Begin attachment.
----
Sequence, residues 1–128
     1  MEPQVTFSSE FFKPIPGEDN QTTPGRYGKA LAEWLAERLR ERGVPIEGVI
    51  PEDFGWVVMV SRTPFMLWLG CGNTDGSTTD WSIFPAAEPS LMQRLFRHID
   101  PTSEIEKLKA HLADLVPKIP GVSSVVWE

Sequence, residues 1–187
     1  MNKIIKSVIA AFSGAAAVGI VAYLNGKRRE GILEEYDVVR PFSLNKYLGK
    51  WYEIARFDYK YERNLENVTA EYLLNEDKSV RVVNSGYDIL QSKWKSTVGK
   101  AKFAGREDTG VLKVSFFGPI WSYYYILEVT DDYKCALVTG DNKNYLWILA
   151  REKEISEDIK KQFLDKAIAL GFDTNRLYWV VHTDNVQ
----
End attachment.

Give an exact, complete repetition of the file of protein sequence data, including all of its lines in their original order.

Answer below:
Sequence, residues 1–128
     1  MEPQVTFSSE FFKPIPGEDN QTTPGRYGKA LAEWLAERLR ERGVPIEGVI
    51  PEDFGWVVMV SRTPFMLWLG CGNTDGSTTD WSIFPAAEPS LMQRLFRHID
   101  PTSEIEKLKA HLADLVPKIP GVSSVVWE

Sequence, residues 1–187
     1  MNKIIKSVIA AFSGAAAVGI VAYLNGKRRE GILEEYDVVR PFSLNKYLGK
    51  WYEIARFDYK YERNLENVTA EYLLNEDKSV RVVNSGYDIL QSKWKSTVGK
   101  AKFAGREDTG VLKVSFFGPI WSYYYILEVT DDYKCALVTG DNKNYLWILA
   151  REKEISEDIK KQFLDKAIAL GFDTNRLYWV VHTDNVQ